Dear Blake

Many moons ago, when I started this blog, I thought out in advance a sort of governing code of ethics. I do a lot of ranting, a lot of mocking. There were some ranting stories I wanted to tell, but I felt uncomfortable with them because they were stories about regular joes. Ultimately, I decided I would rant about public figures, Rolling Stone magazine’s various lists, and I’d tell stories where I am the goat, but I would never write a negative story about a regular joe.

And then I met Blake.

Blake who hates water.

You want this? Can't have it.

Blake is a server at an airport restaurant. Ursula (who recently turned 90, by the way) and I went to this restaurant while we were waiting for Evan’s plane to come in. As it turned out, his flight got delayed, which was convenient, as we were at this restaurant for about a month and a half.

We arrived for an early dinner and the restaurant was close to empty. On the menu was a french dip sandwich, and Ursula shocked me by telling me she’d never had a french dip with au jus. So we decide to both order the french dip. Now, it took us awhile to come to this decision, and I start looking around for the waiter who’d seated us. He is oddly absent. (Hint, hint, this will become a theme.)

Eventually, he shows up and informs us they’re out of the french dip. For the best, I say to myself, I should really get the chicken breast and veggies anyway. Blake then informs me they’re out of vegetables. VEGETABLES. So then I order a Philly cheesesteak sandwich, which they can make. Riddle me that, fanfreakingtastic readers. You can make a Philly cheesesteak but you can’t make a french dip and you have no vegetables. So, peppers and onions aren’t vegetables? A french dip is not the exact same thing as a Philly cheesesteak minus said vegetables? Apparently not.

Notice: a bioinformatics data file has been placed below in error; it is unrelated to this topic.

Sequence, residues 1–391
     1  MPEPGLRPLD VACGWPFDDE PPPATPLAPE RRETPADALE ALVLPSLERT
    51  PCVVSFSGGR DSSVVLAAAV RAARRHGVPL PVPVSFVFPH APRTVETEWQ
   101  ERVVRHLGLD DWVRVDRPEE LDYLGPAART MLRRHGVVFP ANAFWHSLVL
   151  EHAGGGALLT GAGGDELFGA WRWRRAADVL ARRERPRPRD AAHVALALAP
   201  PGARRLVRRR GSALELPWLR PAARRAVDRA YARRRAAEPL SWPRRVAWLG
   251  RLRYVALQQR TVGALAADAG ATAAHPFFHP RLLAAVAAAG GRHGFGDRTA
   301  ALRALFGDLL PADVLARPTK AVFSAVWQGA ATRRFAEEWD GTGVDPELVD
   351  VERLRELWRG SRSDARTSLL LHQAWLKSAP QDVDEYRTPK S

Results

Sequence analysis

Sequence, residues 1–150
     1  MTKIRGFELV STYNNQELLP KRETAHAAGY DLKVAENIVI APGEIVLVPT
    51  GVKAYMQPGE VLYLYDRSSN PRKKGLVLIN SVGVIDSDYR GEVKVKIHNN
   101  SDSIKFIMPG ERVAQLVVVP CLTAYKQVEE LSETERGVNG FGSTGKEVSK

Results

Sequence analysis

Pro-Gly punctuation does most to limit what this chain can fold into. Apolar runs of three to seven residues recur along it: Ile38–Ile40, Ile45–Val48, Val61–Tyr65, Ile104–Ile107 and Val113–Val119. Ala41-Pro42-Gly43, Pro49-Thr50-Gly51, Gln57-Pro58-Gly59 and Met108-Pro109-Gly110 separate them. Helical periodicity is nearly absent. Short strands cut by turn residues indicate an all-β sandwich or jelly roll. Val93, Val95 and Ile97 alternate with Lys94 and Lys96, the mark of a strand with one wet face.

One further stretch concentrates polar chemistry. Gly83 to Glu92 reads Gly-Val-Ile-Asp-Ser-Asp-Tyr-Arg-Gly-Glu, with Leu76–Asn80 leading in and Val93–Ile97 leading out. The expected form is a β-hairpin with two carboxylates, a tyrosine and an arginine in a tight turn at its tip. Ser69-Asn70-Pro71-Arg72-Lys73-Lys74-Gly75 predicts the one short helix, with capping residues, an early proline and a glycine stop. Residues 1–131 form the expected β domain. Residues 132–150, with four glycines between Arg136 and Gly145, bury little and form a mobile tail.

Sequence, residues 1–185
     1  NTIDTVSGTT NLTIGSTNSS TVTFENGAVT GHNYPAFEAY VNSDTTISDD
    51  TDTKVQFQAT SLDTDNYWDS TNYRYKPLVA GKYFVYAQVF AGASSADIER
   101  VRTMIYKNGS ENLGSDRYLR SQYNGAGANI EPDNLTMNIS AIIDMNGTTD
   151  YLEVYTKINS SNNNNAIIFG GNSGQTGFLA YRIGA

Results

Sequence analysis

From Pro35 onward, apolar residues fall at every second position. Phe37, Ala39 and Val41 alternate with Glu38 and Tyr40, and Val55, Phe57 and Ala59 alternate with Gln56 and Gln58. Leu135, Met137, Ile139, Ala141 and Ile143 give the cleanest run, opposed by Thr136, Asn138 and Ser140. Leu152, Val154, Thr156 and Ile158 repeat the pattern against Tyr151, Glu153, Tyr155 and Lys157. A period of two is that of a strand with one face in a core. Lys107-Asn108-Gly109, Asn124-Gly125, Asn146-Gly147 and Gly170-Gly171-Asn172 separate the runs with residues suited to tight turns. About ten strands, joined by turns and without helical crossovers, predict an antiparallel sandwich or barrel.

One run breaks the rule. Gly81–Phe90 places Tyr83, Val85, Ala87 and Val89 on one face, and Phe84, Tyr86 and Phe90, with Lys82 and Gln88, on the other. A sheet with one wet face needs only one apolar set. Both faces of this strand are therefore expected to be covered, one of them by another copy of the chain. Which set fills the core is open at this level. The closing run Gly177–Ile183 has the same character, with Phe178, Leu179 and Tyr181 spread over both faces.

During the conversation wherein Blake informs us we’ve actually time traveled back to late 80’s Soviet Russia, where there is little food and even less logic, Blake starts to give off a real punk kid kind of vibe. I didn’t like him from the first but now I really don’t like him. Before he leaves we ask for glasses of water. He’d successfully delivered cups of coffee when we first arrived, back when we were young and innocent. Ursula has dry mouth really badly, a relic of her past fight with thyroid cancer, and it’s super hard for her to eat without water.

Ursula and I settle in to wait for our food. Several months pass. Ursula turns 91, and it’s sad because no one is there to help celebrate.  Finally, finally, finally, Blake returns with our food. “We really need water,” I say. And then Blake says this, “I’ll get to it when I can.” I then watch him as he cleans off dirty tables, seats people, takes orders, and generally does everything he can do other than get our water.

Two enormous African-American men sit down behind us. They remind me tremendously of Grizz and Dot Com from 30 Rock. They sit in silence, both absorbed by their iPhones. After a certain point, I swivel around in my chair so I can watch for Blake unemcumbered.  It’s been a long time since my last sighting of the elusive Blake, and I don’t want to miss a chance to glimpse this most rare species. When they see me turn around, the two men say, “If you want anything, you best just go get it yourself.” I take it they are regulars.

And there he is! I’ve spotted him! Blake is approaching and I’m ready to reach out and nab him. But another woman gets him first, saying, “We’ve asked for our waters three times now.” Blake raises his hands angrily and says, “It’s going to be awhile.” He leaves, and the woman and I exchange murderous looks. I think about forming a cabal to jump Blake and pummel the water out of him. Because, really, it’s all about the water hate for Blake. He will consent to bring you food, even coffee. But water? The hell are you thinking? Asking for water! IT’S BENEATH HIM. And why do all this people want water, anyway? WATER IS FROM THE DEVIL.

At this point, Ursula has choked down her chicken tenders without water, and I’ve eaten my sandwich. I just want to get the hell out. As he walks past, intent on ignoring us, I shout that I want the bill. We wait for about another six weeks.

He brings us, simultaneously, the bill and two waters.

I hope that it goes without saying that the bill was filled with errors.

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